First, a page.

Teaching “Try One More Time” Strategies

When you find yourself teaching at home, whether school lessons or life lessons, you want your child to be successful. The “Try One More Time” strategy is simple and effective. It’s one of the very first ones you should teach.

Start by stretching your child’s attention span by having them “hang in there” or “stick with it” a little longer. “Hang in there” a little longer can look like playing with the toy longer, working on solving that difficult puzzle just a moment longer, reading a little longer, and encouraging them to “stick with” that chore you assigned them, just a little longer.

Role model this behavior yourself. If you’re playing a game with toy cars, stretch out the game a little longer by adding a new and creative dimension. Perhaps enjoy having the toys convoy to a pretend parking lot at the pretend zoo. Encourage your child to tell you about the animals their car drives up to.

If your child is looking at a book or reading a story, have them look at the pictures just a little longer. Ask your child to describe all the things that are red in the picture, or all the things that make a sound.

Play card games, even a second time around, or the third, or forth, when your child says, “Again!” You have to hang in there a little longer if you want them to keep at it, try again, or re-think the dilemma through.

Invent a new way of playing with the backyard bowling set. Teach your child to stretch their imagination.

Teaching your child to play longer and to stretch their imagination will help improve attention span for their home responsibilities and back to school work times. Teach your child to hang in there, problem‑solve and execute one more attempt at finding the lost sock, attaching that bicycle tire back onto the bike frame, and finishing a chore independently; these things can all help keep your child’s mind engaged in a productive manner.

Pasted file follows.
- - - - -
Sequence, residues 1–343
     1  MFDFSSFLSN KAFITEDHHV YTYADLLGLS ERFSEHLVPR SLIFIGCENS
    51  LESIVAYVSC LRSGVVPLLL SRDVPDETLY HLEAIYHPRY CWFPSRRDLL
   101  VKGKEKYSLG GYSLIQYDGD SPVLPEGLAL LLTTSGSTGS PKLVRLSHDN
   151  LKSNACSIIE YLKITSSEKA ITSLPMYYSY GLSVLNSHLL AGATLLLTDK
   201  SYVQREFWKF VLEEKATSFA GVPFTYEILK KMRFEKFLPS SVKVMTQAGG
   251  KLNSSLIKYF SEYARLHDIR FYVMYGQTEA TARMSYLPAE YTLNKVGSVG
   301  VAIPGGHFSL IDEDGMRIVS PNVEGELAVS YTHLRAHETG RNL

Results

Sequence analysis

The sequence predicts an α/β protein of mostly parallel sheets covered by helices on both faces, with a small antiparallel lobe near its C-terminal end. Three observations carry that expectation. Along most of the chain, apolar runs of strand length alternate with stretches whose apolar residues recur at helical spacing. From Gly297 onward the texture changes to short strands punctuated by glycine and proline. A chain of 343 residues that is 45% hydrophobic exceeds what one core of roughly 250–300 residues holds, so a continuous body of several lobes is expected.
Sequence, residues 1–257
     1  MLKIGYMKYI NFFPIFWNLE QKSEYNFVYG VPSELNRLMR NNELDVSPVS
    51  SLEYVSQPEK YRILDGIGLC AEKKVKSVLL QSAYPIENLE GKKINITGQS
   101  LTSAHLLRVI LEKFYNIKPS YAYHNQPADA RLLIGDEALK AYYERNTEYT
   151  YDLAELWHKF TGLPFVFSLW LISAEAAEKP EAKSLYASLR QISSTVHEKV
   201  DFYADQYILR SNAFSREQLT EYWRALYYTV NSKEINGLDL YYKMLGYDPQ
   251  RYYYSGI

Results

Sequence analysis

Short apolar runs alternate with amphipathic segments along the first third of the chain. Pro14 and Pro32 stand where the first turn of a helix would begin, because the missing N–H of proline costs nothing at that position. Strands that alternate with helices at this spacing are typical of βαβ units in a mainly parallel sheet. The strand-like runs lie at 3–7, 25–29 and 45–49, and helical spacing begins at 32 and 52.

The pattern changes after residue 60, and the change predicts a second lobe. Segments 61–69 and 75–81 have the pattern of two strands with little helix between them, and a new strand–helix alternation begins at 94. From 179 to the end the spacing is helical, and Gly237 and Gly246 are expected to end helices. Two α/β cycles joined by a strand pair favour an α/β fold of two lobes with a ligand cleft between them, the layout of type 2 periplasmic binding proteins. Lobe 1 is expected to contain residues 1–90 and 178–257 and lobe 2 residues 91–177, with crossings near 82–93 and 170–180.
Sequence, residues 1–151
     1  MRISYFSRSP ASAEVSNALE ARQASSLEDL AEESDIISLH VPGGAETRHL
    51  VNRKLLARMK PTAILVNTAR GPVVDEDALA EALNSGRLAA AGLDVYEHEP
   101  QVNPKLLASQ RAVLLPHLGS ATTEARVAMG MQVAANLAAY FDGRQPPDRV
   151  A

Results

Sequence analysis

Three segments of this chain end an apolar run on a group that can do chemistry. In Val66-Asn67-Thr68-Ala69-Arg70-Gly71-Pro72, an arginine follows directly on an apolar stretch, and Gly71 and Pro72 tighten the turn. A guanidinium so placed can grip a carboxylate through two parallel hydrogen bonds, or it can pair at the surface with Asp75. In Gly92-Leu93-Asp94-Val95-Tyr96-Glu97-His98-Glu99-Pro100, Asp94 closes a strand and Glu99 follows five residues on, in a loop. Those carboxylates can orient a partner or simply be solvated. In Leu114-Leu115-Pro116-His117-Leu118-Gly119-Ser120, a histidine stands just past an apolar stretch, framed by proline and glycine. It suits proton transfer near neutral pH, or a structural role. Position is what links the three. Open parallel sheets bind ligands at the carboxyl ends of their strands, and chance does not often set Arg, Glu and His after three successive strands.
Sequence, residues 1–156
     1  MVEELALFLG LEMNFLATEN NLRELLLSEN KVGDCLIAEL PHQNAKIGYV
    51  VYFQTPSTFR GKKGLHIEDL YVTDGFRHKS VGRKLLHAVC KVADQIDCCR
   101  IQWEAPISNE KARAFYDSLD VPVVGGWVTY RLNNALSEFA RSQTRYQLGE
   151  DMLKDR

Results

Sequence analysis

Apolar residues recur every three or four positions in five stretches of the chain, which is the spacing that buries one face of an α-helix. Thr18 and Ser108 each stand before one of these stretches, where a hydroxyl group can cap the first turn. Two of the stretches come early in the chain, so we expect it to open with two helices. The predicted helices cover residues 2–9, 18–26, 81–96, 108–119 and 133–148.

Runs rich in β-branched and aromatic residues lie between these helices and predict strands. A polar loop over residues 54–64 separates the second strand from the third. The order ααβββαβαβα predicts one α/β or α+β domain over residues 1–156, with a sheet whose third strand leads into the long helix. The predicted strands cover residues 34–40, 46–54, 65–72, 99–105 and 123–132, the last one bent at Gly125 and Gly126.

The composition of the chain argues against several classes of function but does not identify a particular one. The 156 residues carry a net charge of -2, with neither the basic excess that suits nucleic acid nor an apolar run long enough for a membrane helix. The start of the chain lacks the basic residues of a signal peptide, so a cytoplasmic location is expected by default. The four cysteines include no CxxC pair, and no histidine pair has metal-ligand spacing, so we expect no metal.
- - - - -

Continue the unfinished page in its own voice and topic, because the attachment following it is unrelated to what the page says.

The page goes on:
Help your child to enjoy feeling their mind successfully wrap around a predicament. Look for opportunities for your child to “think a little more” or “try one more time.” Encourage and support the effort.

Sometimes, you may need to be a part of the solution. Try to help your child feel the pleasant experience of overcoming an obstacle, even if the suggestions and solution came from you.

We want children to enjoy using their minds and develop “try one more time…” strategies. They will need them as they mature through school.

Perhaps the greatest gift you can give a child is teaching them how to learn. The doors that can open are endless, to someone who is interested in learning. 

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